They go off on the road [“La Strada,” by the way, means “The Road”], stopping to perform at a wedding, then come to a convent, where they stay the night. One of the sisters takes a shine to Gelsomina and speaks to her kindly and with respect. In the morning, Zampano pries a silver heart out of the wall, which Gelsomina strongly objects to, as the sisters have been so kind, but he is unmoved. The sister who liked Gelsomina so much offers her the opportunity to stay, but Gelsomina has committed herself to Zampano, and she reluctantly refuses.

There are some spoilers coming now, and if you plan on watching the film, do yourself a big favor and don’t read them.

Back on the road, the couple come across the fool! He is changing a tire. Zampano confronts him, and accidentally ends up killing him. He throws him under a bridge and rolls the truck on top of him, making it look like a roadside accident. Gelsomina is stricken speechless, and after a while it becomes clear that she’s lost her mind! [She has a particular repeated stifled gasp that is really quite distressing.] Zampano goes on with her longer than one would expect him to, but finally just leaves her by the side of the road!

We next see Zampano in another town, at a time we discover is several years later. He is walking along when he suddenly hears the familiar tune that Gelsomina used to sing. It is being sung by a woman hanging wash. He asks her where she learned the song, and she says that a crazy woman wandered into town a few years previously, and that they fed and kept her. She says she died a while ago. Some time later we see Zampano be thrown out of a bar, drunk, and wander over to a beach, where he collapses, a destroyed man.

So it seems that the fool’s talk with Gelsomina about the pebble resonated very strongly with her, and gave her a new way of looking at her place in the world. When the fool is killed, her ability to sustain that worldview is negated, as it was his existence that symbolized that perspective, and she sinks into madness. Zampano, who it seems had, perhaps unbeknownst to himself, grown to depend on Gelsomina’s goodness and belief in him, also depends on Gelsomina’s existence to fend off his own feelings of being a blot on the world, which is shattered by her demise. Throughout the film he never connects closely to anyone except Gelsomina, such as that connection was, and when he finds out that the one connection he forged ended up destroying that person, his sense of internal rot crushes in upon himself.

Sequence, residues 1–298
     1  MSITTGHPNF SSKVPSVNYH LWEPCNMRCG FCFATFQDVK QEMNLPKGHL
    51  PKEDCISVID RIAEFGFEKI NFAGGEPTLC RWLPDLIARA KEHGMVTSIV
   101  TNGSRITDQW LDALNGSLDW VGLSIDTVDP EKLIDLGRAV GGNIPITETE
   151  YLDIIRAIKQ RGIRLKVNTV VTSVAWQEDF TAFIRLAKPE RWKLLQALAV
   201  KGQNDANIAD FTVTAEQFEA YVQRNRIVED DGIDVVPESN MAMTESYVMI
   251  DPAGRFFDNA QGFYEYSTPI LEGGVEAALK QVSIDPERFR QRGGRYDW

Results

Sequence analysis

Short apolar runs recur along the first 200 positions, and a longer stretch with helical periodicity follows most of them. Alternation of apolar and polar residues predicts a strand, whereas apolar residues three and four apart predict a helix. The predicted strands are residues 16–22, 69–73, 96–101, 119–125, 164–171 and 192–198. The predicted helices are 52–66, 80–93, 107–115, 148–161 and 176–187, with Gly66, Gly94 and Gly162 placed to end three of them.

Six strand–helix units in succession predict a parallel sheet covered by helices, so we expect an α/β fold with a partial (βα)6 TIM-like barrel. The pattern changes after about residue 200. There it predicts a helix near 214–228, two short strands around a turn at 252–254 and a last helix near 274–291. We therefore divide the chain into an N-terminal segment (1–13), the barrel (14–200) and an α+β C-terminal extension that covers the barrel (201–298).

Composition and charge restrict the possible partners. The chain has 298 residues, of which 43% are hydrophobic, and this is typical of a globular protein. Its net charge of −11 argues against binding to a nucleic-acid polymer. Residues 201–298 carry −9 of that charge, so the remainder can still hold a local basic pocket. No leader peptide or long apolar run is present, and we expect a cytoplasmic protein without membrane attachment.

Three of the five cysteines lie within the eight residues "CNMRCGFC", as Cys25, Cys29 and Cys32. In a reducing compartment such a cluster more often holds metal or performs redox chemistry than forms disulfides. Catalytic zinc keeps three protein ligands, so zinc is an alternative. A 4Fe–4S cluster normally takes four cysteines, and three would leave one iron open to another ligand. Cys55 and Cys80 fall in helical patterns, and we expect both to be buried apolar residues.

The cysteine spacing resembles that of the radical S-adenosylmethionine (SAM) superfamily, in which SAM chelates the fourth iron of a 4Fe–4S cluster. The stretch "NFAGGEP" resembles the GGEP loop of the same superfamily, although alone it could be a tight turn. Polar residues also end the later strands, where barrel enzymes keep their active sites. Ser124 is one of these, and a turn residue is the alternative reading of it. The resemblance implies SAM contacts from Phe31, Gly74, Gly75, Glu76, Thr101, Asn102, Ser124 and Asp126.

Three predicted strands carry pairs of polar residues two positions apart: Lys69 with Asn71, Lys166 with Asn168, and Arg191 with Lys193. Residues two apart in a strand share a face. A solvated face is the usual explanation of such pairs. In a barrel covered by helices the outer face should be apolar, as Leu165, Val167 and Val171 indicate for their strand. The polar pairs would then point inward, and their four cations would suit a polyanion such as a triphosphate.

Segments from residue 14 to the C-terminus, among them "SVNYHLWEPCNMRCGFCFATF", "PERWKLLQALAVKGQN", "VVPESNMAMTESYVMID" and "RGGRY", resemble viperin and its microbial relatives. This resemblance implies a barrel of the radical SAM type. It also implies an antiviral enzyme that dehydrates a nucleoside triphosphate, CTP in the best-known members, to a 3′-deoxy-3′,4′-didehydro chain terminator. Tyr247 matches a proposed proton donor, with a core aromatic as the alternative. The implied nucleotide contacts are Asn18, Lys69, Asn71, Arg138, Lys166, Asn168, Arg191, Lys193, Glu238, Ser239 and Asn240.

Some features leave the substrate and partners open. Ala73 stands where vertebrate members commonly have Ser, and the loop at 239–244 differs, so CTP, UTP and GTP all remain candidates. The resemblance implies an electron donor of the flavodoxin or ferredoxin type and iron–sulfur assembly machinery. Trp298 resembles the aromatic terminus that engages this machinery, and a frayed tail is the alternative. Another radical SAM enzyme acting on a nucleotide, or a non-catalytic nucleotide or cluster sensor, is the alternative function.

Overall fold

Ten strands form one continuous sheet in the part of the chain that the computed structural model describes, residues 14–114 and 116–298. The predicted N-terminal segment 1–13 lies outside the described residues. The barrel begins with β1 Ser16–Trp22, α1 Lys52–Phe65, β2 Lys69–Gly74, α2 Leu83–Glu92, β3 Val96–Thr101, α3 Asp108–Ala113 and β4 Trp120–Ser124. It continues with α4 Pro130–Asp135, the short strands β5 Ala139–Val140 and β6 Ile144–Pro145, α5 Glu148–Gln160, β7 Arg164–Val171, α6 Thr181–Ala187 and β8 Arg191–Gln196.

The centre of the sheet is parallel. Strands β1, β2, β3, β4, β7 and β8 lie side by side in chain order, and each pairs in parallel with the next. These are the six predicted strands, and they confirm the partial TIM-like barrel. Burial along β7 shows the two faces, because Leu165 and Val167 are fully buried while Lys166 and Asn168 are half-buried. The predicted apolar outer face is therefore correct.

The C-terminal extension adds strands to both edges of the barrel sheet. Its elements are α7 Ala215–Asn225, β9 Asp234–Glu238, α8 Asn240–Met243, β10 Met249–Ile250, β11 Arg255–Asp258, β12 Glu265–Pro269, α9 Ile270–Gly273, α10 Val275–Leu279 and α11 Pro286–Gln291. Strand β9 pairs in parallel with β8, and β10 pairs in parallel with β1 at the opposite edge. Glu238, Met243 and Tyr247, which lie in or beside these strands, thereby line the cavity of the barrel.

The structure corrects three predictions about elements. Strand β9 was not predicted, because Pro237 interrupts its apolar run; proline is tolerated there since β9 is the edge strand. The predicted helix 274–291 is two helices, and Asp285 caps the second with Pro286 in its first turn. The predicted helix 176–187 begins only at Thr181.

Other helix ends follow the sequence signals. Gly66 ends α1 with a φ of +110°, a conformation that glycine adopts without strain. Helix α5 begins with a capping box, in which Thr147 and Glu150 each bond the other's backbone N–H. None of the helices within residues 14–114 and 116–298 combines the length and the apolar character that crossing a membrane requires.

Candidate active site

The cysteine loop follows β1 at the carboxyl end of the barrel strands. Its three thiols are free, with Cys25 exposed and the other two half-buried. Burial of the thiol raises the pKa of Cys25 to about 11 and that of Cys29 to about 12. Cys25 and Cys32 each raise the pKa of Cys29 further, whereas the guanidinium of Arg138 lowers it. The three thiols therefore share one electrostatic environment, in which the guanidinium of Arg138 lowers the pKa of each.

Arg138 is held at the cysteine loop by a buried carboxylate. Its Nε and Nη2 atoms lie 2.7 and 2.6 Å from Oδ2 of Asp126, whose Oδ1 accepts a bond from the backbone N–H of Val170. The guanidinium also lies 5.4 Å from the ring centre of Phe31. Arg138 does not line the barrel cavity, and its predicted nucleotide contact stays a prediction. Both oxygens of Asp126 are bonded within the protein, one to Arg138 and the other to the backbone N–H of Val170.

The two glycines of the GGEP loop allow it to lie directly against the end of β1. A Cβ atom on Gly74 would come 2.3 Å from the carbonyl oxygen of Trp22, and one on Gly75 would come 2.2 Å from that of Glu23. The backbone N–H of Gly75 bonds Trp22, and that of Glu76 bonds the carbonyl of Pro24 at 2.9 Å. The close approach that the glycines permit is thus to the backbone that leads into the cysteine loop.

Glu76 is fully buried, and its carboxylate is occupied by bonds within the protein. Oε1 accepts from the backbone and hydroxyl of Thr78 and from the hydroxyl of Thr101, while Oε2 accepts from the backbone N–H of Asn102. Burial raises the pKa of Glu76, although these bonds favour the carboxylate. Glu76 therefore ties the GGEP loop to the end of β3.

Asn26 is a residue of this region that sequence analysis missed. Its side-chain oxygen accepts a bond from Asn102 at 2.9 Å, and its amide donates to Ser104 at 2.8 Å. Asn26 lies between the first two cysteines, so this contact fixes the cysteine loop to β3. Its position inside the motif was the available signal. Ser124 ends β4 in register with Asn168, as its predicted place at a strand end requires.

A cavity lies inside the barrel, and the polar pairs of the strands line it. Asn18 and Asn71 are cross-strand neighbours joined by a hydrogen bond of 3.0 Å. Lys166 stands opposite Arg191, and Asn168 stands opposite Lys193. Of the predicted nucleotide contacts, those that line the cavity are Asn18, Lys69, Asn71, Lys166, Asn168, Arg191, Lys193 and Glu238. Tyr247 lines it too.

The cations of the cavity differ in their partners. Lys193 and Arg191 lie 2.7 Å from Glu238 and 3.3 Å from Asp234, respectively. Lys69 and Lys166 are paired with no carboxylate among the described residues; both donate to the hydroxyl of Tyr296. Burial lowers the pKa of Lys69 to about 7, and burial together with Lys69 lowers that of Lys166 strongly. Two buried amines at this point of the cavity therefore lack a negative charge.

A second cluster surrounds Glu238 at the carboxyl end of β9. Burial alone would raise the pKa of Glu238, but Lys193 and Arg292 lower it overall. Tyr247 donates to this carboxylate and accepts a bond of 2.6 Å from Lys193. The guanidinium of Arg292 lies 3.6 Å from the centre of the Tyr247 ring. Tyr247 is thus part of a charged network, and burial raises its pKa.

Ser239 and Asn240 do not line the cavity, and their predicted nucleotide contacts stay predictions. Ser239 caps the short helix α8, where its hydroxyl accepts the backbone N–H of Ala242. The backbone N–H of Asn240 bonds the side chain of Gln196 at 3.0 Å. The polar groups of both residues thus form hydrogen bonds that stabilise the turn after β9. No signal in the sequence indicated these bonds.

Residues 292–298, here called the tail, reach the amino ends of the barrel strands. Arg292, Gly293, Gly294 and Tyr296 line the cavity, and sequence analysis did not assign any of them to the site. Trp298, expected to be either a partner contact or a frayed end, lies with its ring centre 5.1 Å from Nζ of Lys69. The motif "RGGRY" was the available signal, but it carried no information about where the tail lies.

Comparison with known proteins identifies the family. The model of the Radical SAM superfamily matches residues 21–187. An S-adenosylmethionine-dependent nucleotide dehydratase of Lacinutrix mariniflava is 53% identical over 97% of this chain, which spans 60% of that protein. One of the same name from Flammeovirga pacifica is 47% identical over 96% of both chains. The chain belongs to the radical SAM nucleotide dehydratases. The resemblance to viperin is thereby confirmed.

For the first hour and a half, I was thinking “Okay, this is a little aimless, I guess I liked Nights of Cabiria better,” but once it was over I came to feel that this film has a little more depth of psychological interaction, and more of a literary idea and structure, and ultimately I think I slightly prefer this film. The more I have thought about it during the week since I’ve seen it, it has only grown in my estimation and the depth of my feeling for it. Which, when it works out, is the main reason to haul yourself out to see these classics when they come around: because they’re really good!

Should you watch it: 

Yes, this is a beautiful and very moving film.